“You don’t really believe in the king, you just believe the king is the safest bet. You need to choose between your pride and your family,” Mary Woodhull recently said in a confrontation with her father-in-law, Richard Woodhull, on AMC’s Turn, which first aired May 11, 2015.
Her lines strike at what is emerging as the heart of AMC’S Turn and what was the core of the American Revolution. Everyone had to make a choice. Some came to their decision quickly, instantly. For others, the turn or “revolution” was slow and incremental.
Below is the introduction to my published book, Stories of Faith and Courage from the Revolutionary War, which asks this simple question, revealing the “turn” within “Turn.” Enjoy.
What is a revolution?
Is it a year, the earth’s 365-day orbital jig around the sun? Every time it passes through four seasons, the earth comes back altered, aged—changed. Is a revolution a day? Can a revolution take place with a simple rotation? Ancient astronomers considered a rotation a revolution. Each time the earth rotates on its axis it makes a mini-revolution.
The Random House Unabridged Dictionary defines revolution as “a sudden, complete or marked change in something.” Whether you measure a revolution by a day or a year, something happens during a revolution—a revolution means change.
One of the American Revolution’s most esteemed patriots asked a similar question. “What do we mean by the American Revolution? Do we mean the American war?” John Adams asked in a letter to a friend nearly forty years after the war’s final shot was fired.
Adams knew the answer. He was an eyewitness to it. He understood that the American Revolution was not merely overthrowing the king’s government by force. The American Revolution began long before the first musket flared.
“The Revolution was in the minds and hearts of the people; a change in their religious sentiments, of their duties and obligations,” Adams explained.
The American Revolution was not simply a war. It was a transformation of the colonists’ hearts and souls. For a few, the change was instant, a twenty-four hour transformation.
For most, the change came more slowly, after a long-time wrestling in their hearts over their allegiances, beliefs, and capabilities. Ultimately, those who couldn’t change their allegiance escaped to England or Canada. But those who could change were forever transformed.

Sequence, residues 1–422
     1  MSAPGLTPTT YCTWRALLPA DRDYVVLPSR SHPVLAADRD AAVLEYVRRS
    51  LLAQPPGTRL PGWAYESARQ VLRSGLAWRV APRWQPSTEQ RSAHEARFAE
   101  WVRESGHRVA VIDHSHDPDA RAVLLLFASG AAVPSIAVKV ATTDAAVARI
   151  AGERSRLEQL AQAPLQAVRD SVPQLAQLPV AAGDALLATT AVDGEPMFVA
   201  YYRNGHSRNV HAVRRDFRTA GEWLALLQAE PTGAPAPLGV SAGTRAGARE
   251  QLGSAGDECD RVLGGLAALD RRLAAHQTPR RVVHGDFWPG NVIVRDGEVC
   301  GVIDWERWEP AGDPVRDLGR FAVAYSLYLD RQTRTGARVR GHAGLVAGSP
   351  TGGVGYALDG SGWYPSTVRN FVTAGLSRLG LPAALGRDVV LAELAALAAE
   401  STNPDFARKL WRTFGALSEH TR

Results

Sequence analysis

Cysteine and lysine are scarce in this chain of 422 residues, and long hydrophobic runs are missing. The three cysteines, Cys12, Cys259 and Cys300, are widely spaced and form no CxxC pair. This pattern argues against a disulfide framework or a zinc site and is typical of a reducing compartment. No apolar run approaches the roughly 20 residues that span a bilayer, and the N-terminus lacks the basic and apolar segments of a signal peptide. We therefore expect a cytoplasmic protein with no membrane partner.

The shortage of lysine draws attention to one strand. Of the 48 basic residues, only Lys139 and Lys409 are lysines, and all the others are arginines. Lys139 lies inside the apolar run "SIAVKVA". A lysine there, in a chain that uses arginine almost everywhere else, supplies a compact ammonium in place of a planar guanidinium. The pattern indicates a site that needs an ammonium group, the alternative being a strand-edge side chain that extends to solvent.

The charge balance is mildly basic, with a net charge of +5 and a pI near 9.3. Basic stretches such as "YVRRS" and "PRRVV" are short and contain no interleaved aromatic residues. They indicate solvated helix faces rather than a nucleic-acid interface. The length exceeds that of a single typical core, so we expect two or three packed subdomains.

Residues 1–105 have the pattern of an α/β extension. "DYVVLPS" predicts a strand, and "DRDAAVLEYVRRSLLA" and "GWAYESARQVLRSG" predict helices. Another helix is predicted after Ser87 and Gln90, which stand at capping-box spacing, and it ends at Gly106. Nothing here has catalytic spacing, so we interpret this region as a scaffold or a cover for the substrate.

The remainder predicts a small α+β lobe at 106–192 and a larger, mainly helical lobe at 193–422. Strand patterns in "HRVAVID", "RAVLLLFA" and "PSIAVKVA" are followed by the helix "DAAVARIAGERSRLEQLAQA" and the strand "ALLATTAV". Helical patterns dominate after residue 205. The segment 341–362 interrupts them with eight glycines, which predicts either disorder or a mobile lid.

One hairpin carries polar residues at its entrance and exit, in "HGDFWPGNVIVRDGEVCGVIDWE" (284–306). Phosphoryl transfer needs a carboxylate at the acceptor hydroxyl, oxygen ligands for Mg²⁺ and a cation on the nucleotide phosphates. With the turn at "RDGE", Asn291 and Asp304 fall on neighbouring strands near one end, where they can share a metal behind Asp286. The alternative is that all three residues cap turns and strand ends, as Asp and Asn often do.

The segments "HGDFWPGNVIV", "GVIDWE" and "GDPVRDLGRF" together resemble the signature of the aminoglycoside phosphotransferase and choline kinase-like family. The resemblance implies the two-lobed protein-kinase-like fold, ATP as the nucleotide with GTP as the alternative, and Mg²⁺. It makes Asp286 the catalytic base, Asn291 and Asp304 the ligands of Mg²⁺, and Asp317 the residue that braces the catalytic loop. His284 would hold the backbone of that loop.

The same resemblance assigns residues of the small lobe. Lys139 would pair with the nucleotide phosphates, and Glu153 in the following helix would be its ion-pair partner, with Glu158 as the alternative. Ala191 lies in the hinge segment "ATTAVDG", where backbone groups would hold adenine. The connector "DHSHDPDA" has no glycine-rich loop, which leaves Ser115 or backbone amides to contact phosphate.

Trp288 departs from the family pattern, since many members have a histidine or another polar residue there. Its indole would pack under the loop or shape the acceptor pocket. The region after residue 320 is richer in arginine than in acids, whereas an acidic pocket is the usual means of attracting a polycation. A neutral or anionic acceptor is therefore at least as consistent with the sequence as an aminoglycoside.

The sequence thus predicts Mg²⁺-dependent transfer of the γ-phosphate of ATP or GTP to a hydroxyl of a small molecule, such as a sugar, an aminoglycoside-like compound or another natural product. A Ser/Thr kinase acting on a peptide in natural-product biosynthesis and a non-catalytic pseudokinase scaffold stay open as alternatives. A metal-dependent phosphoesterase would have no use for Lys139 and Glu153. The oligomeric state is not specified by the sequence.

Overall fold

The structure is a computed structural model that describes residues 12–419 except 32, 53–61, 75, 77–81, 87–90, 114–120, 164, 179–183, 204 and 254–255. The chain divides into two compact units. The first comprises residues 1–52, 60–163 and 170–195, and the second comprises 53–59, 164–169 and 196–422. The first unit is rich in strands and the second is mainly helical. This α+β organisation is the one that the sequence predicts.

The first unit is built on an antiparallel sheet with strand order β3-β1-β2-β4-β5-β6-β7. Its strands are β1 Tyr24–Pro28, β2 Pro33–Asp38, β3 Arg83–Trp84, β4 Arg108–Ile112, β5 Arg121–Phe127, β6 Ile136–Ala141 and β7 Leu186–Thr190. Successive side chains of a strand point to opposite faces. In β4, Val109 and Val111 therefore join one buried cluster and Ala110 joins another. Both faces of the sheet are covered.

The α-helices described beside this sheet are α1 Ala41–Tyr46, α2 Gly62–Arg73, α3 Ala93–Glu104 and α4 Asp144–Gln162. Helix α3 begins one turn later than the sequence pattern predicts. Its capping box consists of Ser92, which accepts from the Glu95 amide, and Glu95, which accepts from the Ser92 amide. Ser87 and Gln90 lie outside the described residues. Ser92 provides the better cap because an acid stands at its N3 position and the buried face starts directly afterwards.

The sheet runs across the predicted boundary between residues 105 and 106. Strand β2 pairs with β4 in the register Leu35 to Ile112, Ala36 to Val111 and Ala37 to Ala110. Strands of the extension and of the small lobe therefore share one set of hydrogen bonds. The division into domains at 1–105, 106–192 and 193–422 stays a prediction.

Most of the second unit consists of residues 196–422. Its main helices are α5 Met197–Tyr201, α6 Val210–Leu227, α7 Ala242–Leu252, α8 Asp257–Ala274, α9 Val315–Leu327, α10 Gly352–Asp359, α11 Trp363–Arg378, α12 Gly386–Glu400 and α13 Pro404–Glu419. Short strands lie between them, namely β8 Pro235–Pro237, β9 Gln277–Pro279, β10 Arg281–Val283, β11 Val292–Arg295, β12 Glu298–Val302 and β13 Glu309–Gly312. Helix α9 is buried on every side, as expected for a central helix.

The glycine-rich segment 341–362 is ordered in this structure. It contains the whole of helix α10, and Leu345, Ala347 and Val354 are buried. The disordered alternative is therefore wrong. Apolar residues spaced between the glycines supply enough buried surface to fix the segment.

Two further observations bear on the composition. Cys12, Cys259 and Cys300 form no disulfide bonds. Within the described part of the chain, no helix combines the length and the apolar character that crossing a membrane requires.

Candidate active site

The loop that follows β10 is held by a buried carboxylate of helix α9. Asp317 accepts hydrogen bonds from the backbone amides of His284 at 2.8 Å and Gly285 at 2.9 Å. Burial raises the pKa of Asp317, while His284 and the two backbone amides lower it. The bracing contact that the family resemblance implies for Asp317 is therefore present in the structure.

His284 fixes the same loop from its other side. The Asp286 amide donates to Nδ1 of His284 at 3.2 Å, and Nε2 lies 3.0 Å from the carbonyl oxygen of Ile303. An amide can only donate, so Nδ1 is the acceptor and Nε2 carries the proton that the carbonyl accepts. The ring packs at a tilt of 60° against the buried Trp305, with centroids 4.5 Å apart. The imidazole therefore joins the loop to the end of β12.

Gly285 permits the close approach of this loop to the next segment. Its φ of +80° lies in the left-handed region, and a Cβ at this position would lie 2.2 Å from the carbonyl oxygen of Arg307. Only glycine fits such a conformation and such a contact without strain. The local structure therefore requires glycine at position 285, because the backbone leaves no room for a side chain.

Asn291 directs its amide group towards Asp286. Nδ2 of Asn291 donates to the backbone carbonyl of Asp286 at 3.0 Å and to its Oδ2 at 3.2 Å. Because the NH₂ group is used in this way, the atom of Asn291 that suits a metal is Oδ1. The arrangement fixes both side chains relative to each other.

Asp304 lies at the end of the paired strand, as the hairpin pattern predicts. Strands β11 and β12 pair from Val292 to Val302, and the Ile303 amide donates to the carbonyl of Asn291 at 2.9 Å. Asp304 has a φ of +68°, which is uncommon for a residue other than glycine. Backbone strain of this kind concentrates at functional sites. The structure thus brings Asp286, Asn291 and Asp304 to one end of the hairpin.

“This radical change in the principles, opinions, sentiments, and affections of the people was the real American Revolution,” Adams wrote.
To skeptics this radical change was merely a rebellion. Those who would rebel against one government would always rebel, no matter who was in charge. But to true believers, this was not a rebellion. It was a revolution, one that would transform a monarchy into a republic, colonies into states, English men and English women into American patriots. A nation ruled by a king emerged as a nation governed by a constitution of the people.
What does revolution mean to you? Perhaps it’s a sudden change. Maybe it’s a simple but noticeable change. Perhaps it’s a more complete change, an obvious overthrow. As you discover the stories, sparks, and spirit of the American Revolution in this book, perhaps they will ignite a revolution in your heart, one that inspires your patriotism and nurtures your soul, one rotation at a time.[i]
“Generations come and generations go, but the earth remains forever. The sun rises and the sun sets, and hurries back to where it rises,” (Ecclesiastes 1:4–5).
Prayer: God, revolutionize my heart as you desire, one day at a time.
[i] “Revolution.” Dictionary.com. Dictionary.com Unabridged (v 1.1). Random House, Inc. http://dictionary.reference.com/browse/revolution (accessed: May 17, 2007); and John Adams, “Letter to H. Niles, Feb. 13, 1818,” Printed from http://en.wikiquote.org/wiki/John_adams.
Author Jane Hampton Cook is known for making history memorable and relevant to today’s news, current events, and modern-day life. A frequent guest on the Fox News Channel and other outlets, Jane is the author of eight books, including American Phoenix, America’s Star-Spangled Story, and Stories of Faith and Courage from the Revolutionary War. Jane is also a former White House webmaster. She lives with her husband and three sons in Fairfax, Virginia.